By Staff Writers, Pittsburgh PA (SPX), Oct 25, 2016


Link to paper: A progressively wetter climate in southern East Africa over the past 1.3 million years

By T.C. Johnson, et al, Nature, Sep 8, 2016


Nature Unbound I: The Glacial Cycle

By Javier, Climate Etc. Oct 24, 2016


Claim: Why ice ages occur every 100,000 years

From Cardiff University

By Anthony Watts, WUWT, Oct 26, 2016


[SEPP Comment: Watts adds a presentation at AGU that it is due to the thermohaline circulation.]

Changing Seas

ODU, national security experts make recommendations in sea level rise resiliency report

By Tamara Dietrich, Daily Press, Oct 19, 2016 [H/t Timothy Wise]


Link: The Center for Sea Level Rise

By Staff Writers, Old Dominion University, No Date


“Sea Levels Have Risen 14 Inches Since 1930”

[SEPP Comment: Over generalizations. For most areas, local conditions are more important that global sea level rise of about 7 inches per century.]

Hampton Roads’ solution to stop the land from sinking? Wastewater.

By Darryl Fears, Washington Post, Oct 20, 2016 [H/t Timothy Wise]


A geological perspective on sea level and storm surges.

Guest post by David Middleton, WUWT, Oct 20, 2016


“Sea level has already risen by about a foot, 1 foot, in much of the Southeast, which means Matthew’s storm surge was higher, and the flooding was more severe.”–Hillary Clinton, Miami FL, 11 October 2016

[SEPP Comment: At a rate of 7-8 inches per century, it may have risen a foot in 150 years.]

Changing Cryosphere – Land / Sea Ice

Defying Climate Models, Greenland Cooled By -1.5°C During 1940-1995 As Human CO2 Emissions Rates Rose Dramatically

By Kenneth Richard, No Tricks Zone, Oct 24, 2016


Fall Arctic ice growth often differs regionally: 2016 compared to other years

By Susan Crockford, Polar Bear Science, Oct 21, 2016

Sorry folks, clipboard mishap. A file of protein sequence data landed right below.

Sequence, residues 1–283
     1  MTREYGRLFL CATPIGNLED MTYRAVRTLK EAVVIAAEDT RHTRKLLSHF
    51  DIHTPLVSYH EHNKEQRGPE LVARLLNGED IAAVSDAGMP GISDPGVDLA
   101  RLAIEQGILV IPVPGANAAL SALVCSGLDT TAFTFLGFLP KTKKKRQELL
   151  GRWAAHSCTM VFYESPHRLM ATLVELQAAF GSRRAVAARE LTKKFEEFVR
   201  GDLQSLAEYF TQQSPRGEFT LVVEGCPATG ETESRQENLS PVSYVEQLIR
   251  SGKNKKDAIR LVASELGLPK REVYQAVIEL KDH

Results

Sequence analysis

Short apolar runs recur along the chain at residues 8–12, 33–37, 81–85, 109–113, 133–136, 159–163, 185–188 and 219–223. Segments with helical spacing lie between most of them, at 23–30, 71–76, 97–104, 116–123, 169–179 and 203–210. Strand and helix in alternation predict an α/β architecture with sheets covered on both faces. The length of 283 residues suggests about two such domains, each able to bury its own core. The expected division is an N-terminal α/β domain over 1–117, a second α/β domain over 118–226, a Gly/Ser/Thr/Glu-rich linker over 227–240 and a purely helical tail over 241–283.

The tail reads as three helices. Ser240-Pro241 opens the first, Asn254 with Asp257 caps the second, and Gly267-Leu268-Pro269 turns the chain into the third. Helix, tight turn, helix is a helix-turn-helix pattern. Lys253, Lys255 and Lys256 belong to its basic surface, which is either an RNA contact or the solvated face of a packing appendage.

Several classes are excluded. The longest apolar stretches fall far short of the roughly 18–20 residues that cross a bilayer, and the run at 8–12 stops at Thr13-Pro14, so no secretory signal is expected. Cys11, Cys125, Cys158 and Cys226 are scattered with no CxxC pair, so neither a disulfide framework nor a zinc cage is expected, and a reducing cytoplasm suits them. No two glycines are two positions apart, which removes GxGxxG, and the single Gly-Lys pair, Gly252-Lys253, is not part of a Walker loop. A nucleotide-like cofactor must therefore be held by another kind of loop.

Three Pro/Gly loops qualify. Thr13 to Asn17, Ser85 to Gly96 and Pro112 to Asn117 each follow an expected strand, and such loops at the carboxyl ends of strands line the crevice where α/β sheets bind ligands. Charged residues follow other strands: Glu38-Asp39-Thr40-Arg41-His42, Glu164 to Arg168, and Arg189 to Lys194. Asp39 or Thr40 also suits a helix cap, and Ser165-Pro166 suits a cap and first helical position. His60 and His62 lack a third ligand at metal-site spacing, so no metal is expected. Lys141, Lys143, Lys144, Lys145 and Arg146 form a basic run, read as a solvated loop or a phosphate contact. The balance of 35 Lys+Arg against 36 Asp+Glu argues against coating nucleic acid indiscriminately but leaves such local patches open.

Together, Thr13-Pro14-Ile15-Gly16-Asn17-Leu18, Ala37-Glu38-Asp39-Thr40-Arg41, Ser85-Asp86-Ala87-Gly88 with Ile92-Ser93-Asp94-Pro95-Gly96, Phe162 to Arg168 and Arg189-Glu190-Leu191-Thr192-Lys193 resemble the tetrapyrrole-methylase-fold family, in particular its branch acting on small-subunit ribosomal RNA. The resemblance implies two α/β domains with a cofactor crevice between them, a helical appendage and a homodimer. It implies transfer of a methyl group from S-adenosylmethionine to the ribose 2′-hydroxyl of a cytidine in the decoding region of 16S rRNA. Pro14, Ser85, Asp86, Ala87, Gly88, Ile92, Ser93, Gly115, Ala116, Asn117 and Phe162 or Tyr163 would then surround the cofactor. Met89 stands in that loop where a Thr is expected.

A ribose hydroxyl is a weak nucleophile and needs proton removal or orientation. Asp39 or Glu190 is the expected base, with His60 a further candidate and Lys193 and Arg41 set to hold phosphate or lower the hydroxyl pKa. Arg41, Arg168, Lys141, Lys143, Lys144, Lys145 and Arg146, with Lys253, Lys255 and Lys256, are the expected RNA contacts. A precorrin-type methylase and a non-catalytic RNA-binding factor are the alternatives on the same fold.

Undermined by warm water, Antarctic glacier lost 1,607 feet [silly, 1km?] of ice in under 10 years

By Andrew Freedman, AP, Oct 25, 2016 [H/t Clyde Spencer]


[SEPP Comment: What is causing the warm water? Doubt it was caused by CO2 warming of the atmosphere, most pronounced at 33,000 feet over the tropics which no one can find.]

NSF, U.K. jointly support research into fate of massive Antarctic glacier

Collapse of the rapidly receding Thwaites Glacier could cause as much as nine feet of sea-level rise

Press Release, NSF, Oct 20, 2016


[SEPP Comment: Could, in how many millennia?]

Agriculture Issues & Fear of Famine

Methane Madness: The Battle for our Grasslands and Livestock

By Viv Forbes and Albrecht Glatzle, WUWT, Oct 26, 2016


“The whole purpose of farming is to convert carbon dioxide from the atmosphere into useful products.” – Vincent Gray

Study: lakes started oxygenation problems long before fertilizers and climate change – blame urbanization

By Anthony Watts, WUWT, Oct 24, 2016


Lowering Standards

The ‘world’s most respected science journal’ Nature starts on the road to Perdition

By Anthony Watts, WUWT, Oct 19, 2016


[SEPP Comment: Political endorsement aside, Nature started on that road long ago – particularly when it published Mr. Mann’s hockey-stick. Solid comparisons by Watts.]

The sky is literally falling because of climate change, says top NASA scientist

By Elizabeth McSheffrey, National Observer, Oct 24, 2016 [H/t Dennis Ambler]


[SEPP Comment: The standards of NASA-GISS are not the standards of NASA – Apollo Mission.]

Communicating Better to the Public – Exaggerate, or be Vague?

Dreaded Polar Vortex May Be Shifting

As the Arctic wind pattern migrates toward Europe it could allow frigid air to descend upon the U.S.